It's notoriously hard to quantify the defensive efforts of a single players from stats alone, but I like a good challenge, and I didn't have anything else to do this weekend, so I decided to give it a shot. If you don't want to know the mathematical details that went into the calculation, just scroll a bit until you see the tables.
Because I used Yards Above Average Player as my metric for offensive players, I decided I was going to develop a metric called Yards Below Average Player (as in, yards prevented that an average DIII player wouldn't have prevented) for defense. The counting stats that went into the calculation were
-- Tackles for loss
-- Forced fumbles
-- Fumbles recovered
-- Blocks (even though they're technically occurring on special teams)
-- Pass breakups
-- Defensive touchdowns
Each stat was given a weight based on their importance in determining the defense's Adjusted Net Yards per Attempt (ANY/A) allowed. The average offensive play goes for 5.1 ANY, turnovers count for 45 yards, and a touchdown counts for 20. So the easiest weights to determine were interceptions (x45), defensive TDs (x20), and FF/FRs (x15 apiece). On average, every two forced fumbles results in a turnover, because the offense and defense are equally likely to recover a fumble. So the combined value of two forced fumbles and one recovery should amount to the same equivalent yardage as an interception.
The weight for a pass breakups, sacks, and tackles for loss are also pretty easy to understand. The average pass completion goes for around 11-12 yards, and around 1-in-3 PBUs results in an interception, so I used a weight of x15 for PBUs. The average sack occurs between 6 & 7 yards yards in the backfield, so resulting yards prevented of a sack are just over 15 yards. Because sacks are highly correlated to turnovers (more so than any other quality-based defensive statistic), I decided to bump that up to 20. The average TFL occurs 4 yards in the backfield, and with the average offensive play going for 5 yards, I used a weight of x10 for TFLs.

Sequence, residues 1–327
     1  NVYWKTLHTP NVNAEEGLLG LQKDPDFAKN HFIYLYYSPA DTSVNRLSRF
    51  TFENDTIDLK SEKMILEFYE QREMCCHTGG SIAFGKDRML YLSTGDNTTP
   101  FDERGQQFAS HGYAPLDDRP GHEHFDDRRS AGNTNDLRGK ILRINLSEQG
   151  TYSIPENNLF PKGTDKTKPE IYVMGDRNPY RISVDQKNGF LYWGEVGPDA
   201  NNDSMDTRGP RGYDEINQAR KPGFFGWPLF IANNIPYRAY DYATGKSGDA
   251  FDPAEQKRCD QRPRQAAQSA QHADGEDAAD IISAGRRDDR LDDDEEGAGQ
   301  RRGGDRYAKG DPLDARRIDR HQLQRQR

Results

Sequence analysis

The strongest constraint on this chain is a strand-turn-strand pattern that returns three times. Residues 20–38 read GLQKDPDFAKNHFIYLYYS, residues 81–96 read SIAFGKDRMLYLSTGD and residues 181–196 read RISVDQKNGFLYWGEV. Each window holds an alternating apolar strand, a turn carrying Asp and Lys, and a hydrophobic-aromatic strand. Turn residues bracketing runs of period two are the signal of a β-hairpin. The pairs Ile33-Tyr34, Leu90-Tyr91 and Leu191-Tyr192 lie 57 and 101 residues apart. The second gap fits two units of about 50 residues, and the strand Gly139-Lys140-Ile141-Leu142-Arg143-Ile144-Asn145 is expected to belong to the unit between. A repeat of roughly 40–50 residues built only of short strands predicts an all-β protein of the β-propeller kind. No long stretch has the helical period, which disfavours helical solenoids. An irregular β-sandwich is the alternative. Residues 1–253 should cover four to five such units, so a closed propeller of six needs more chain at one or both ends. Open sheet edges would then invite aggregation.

The only other stats left without weights at this point are tackles and safeties. A safety is already going to be credited as a TFL, and their weight should be the resultant of the yardage value of 2 points, which is a third of a touchdown (which are x20), so around x7 for safeties. Because I like round numbers (and because a safety is less indicative of performance/outcome than any other stat), I used x5.
To determine the weight to use for tackles, I took the rate of all of the aforementioned stats multiplied by their weights, and subtracted the results from an average result. This means that your run-of the-mill tackle ends up being worth about 3 yards prevented.
So add up every player's weighted stats and divide by the total number of plays, and you end up with their Net Yards Prevented per Attempt (NYP/A). The amount over/under the average result (5.1 yards) is each players' Efficiency Below Average (EBA). Multiply EBA by the total number of team plays, and you get each player's Yards Below Average Player.
A few things in the calculation also needed to be accounted for that are much harder for defensive players than offensive players, first of which is the number of plays participated in. This was an easy (and pretty unscientific) fix. I assumed every player played in about 3/4 of their team's plays.
To account for players who impact plays but don't rack up as many stats, I also gave credit to each player for one-eleventh of their defense's average ANY/A. So if a defense's average ANY/A is one yard below the national average, every player on that team's individual Net Yards Prevented is increased by 1/11 of a yard. The result is then adjusted for strength of opponents faced and pace of play.
The nifty thing about these results is that the top performers at each position end up having around the same Yards Below Average Player. Defensive lineman, linebackers, and defensive backs all ended up having approximately equal statistical contributions to the games. Below are the top 28 performers in each position group. Why 28? Because that's now may rows fit onto my laptop, and because there were a few big names (Baylor Mullins & Teidrick Smith) landed in the 25-28 range.
Later in the week, once I finish performing analysis on special teams, I'll put together an "official" All-American Team for the 2016 DIII season.